The simply answer is personality. While investor X was able to live with a 60 percent fall during the GFC, I could not. Our portfolio dropped around 20 percent during the 2008 market crash. I prefer to sacrifice some upside to ensure I can sleep well at night.
The other answer is buy fear sell greed. While many market pundits present facts and statistics showing that the market is under or over value, or just right, I focus on the trees, the individual companies. I raised cash in September as companies I held became overvalued. I’ll redeploy capital when it’s easy to do so, when companies I want to buy are being sold by fearful investors.
Investor X is older and probably wiser than me. He clearly has better performance over the last 5 years. But what happens if we layer on our respective 60 and 20 percent drops?
It turns out if we started with a $100,000 prior to the GFC and our returns included both the falls and gains from above then investor X’s portfolio would now be worth $164,000 while mine would be $247,000. Naturally if we exclude the GFC drop, but our portfolios fell by similar amounts now, the figures would be the same, i.e. $164k and $247k.
I’m not saying this is what happened or will occur, but I hope it illustrates why I focus on the downside. If not then perhaps this graph of gains required to make you whole again will.
See the difference. While it only take a 25 percent gain to make up for a 20 percent loss, it takes a massive 150 percent increase to recover from a 60 percent drop. (See this post on the lies behind this accepted fact and how it can take exactly the same percentage gain to make up for a loss.)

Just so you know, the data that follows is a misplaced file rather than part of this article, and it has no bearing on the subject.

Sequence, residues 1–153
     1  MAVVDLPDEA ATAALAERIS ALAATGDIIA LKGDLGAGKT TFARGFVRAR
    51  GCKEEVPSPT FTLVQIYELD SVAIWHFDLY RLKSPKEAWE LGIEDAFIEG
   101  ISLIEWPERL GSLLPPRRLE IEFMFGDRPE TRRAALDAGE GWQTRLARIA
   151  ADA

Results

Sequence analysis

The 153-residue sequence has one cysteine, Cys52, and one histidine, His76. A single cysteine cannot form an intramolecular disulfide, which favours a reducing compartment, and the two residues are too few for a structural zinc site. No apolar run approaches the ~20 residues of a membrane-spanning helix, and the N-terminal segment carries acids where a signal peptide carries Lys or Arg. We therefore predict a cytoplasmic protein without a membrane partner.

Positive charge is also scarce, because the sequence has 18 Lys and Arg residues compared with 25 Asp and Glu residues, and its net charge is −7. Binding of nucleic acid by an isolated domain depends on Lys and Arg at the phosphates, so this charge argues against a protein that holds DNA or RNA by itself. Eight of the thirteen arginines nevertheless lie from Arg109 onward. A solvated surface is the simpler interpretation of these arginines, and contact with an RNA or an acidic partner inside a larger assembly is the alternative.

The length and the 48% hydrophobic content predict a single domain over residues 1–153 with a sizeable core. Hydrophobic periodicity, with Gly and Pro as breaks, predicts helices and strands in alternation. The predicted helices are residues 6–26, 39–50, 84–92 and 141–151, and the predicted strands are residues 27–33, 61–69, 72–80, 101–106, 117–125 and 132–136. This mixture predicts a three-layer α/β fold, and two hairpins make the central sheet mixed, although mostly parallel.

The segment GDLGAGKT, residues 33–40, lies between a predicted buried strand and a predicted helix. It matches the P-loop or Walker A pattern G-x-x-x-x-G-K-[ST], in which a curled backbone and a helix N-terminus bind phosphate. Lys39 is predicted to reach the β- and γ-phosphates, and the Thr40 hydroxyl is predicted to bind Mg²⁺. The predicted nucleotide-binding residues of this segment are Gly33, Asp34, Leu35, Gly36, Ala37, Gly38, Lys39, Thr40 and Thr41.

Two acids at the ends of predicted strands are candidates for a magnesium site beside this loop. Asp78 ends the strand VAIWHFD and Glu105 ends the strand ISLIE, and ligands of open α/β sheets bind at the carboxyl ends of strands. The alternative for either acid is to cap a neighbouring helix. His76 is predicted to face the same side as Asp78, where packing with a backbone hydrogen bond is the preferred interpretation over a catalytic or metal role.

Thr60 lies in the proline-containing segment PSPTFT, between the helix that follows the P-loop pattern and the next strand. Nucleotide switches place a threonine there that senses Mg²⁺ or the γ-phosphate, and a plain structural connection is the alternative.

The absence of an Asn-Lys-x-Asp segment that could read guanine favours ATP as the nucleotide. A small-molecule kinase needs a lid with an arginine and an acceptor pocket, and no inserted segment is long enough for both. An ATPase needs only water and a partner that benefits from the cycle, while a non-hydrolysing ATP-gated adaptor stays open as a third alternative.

I am so far off topic I should change the title, but hopefully through the many diversions you can see two retail investors thrashing the market in two different ways. While there are many wrong paths, there is no one right path to market outperformance. Each investor must fine the path that is right for them.
Some paths are easier to follow as they are clearly marked. Value, momentum and small caps are 3 paths that have provided strong tailwinds for up to 9 decades now.
A little meat
During September I sold, Analytica Limited (ASX:ALT) and Global Health Limited (ASX:GLH), and reduced M2 Group (ASX:MTU) and My Net Fone Limited (ASX:MNF).
While I say it’s the companies I focus on, that is simply part of the story. Market corrections are not fair to all comers. Some stocks get whacked 90 percent, some might only drop 10 percent and there will even be a few gainers.
In general stocks that are any of overvalued, speculative, small caps, without earnings or popular are hardest hit.
I continue to hold some stocks that are likely to get clobbered in a correction. Two companies that jump to mind are Somnomed Limited (ASX:SOM) and Nearmap Limited (ASX:NEA). I hold these and would look to buy on a correction as it is simply too difficult to ‘time’ individual growth stocks.
Disclosure: Long MTU, MNF, SOM and NEA.